4. Tony Bury Says:

    Thanks for your input, Daniel. My greatest concern in that within the pyramid of the three Values:- Shareholder, Customer and Employee, that corporations in order to achieve their shareholder value are resorting to a dilution of customer and employee value to achieve the increase in shareholder value which distorts the balance within society. Furthermore, it is much easier to achieve and therefore becomes the “easy” option for executives and management to meet their goals for which they are compensated. So fundamentally we need to ensure that “legally” a company has responsibility for all their stakeholders.

  5. Leon Beuyukian Says:

    Tony, indeed a great article. Micheal Porter’s book written some 20 years ago titled: “The Competitive advantage of nations” referred to the clusters of core competencies that nations had developed around their core industries by demonstrating for example how the Italian furniture industry was the world leading industry due its clusters of small companies manufacturing different parts of the furniture located within short distances from each other and hence creating the shared value communities that he refers to in this current article. There is no doubt that the current capitalist system must evolve. However one important consideration must be attached to the notion of “time” which he mentions briefly. I have always been amazed how listed companies are able to show profit and revenue improvements quarter after quarter without damaging long term interest of shareholders, employees and societies they live and work in (if ever they had the latter 3 in mind). There is no way on earth, that within this globalized world, where information is being transmitted at nanoseconds, top management of companies can sustain growth in profits and revenues without sacrificing long term goals or applying creative (or fraudulent) accounting techniques. Consequently my greatest concern will be how can we change the notion of “time” from short term to long term of all involved in the corporation i.e. shareholders, management, employees, the environment and communities they work, live and service in? Unless we change the notion of time, we can never achieve what Michael Porter and Mark Kramer refer to as shared values, creating clusters of complementary competencies and creating competitive advantages.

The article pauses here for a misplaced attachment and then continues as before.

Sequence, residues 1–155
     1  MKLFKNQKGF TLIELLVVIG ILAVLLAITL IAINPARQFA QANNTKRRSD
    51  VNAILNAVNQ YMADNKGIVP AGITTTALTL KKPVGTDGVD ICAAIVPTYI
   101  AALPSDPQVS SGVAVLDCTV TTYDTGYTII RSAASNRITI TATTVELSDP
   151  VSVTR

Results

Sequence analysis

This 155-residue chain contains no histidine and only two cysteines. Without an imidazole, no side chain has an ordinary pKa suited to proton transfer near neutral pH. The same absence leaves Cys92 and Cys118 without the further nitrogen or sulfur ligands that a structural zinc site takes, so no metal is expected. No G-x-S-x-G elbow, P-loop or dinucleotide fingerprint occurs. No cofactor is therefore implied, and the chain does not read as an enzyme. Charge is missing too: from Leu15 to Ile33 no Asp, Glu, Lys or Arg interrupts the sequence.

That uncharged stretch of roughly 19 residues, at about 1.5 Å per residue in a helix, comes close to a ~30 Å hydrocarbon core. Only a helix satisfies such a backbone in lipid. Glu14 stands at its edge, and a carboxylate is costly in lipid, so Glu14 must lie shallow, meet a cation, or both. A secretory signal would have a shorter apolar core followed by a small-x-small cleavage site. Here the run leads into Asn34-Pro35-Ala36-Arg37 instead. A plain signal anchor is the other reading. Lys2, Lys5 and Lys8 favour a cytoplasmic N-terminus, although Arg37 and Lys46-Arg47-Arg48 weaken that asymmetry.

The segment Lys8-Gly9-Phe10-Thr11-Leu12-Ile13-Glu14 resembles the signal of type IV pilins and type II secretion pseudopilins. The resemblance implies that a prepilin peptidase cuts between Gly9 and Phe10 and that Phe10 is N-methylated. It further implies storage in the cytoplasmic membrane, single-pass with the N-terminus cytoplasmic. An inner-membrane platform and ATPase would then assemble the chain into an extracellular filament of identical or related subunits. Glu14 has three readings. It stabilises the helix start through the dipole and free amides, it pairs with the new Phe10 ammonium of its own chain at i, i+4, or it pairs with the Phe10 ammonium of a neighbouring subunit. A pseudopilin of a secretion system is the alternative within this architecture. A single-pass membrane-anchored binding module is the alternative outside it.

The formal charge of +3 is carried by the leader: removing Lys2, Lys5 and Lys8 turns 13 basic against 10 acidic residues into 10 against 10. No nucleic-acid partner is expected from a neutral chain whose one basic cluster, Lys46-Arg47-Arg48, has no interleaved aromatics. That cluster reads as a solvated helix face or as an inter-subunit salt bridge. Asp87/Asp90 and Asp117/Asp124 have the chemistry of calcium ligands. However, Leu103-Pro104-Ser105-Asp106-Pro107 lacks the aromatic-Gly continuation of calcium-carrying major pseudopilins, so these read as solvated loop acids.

6. Tony Bury Says:


    This is an extremely interesting perspective, as outside of the financial markets, there is an understanding that profits can increase and decline in order to meet long term goals. Whereas the financial markets price in a premium for those companies that are able to generate quarter on quarter increase in profits that you refer to. The question is how do we manage the power of the financial markets so that they can be realigned. Any views?

  7. Tony Bury Says:

    I have found an interesting interview of Michael Porter on the subject.

  8. Bara Says:

    I joined the Mowgli Foundation I think I have a workshop on 19 in Egypt ..I’d like to get to know you

    I want to be an inspiring speaker .. I would like to owner a free space for young entrepreneurs beginners .. I want to be like you